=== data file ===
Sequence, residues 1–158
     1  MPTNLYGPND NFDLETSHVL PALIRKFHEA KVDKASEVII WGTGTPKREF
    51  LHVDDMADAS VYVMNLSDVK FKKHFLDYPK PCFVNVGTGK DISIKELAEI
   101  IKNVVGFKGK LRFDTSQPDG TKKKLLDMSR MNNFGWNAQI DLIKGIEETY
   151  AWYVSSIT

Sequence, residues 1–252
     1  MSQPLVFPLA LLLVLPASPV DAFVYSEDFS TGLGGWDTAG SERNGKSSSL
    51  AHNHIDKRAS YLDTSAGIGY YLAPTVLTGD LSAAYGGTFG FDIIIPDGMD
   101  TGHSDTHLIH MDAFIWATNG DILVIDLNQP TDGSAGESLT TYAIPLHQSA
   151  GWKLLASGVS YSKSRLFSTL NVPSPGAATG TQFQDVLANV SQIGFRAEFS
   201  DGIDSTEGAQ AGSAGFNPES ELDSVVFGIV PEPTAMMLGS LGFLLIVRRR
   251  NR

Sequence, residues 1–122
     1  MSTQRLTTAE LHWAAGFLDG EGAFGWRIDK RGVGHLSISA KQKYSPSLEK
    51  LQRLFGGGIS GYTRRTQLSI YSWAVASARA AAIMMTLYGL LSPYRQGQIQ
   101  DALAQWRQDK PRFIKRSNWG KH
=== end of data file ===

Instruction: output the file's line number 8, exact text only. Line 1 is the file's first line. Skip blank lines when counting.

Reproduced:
    51  AHNHIDKRAS YLDTSAGIGY YLAPTVLTGD LSAAYGGTFG FDIIIPDGMD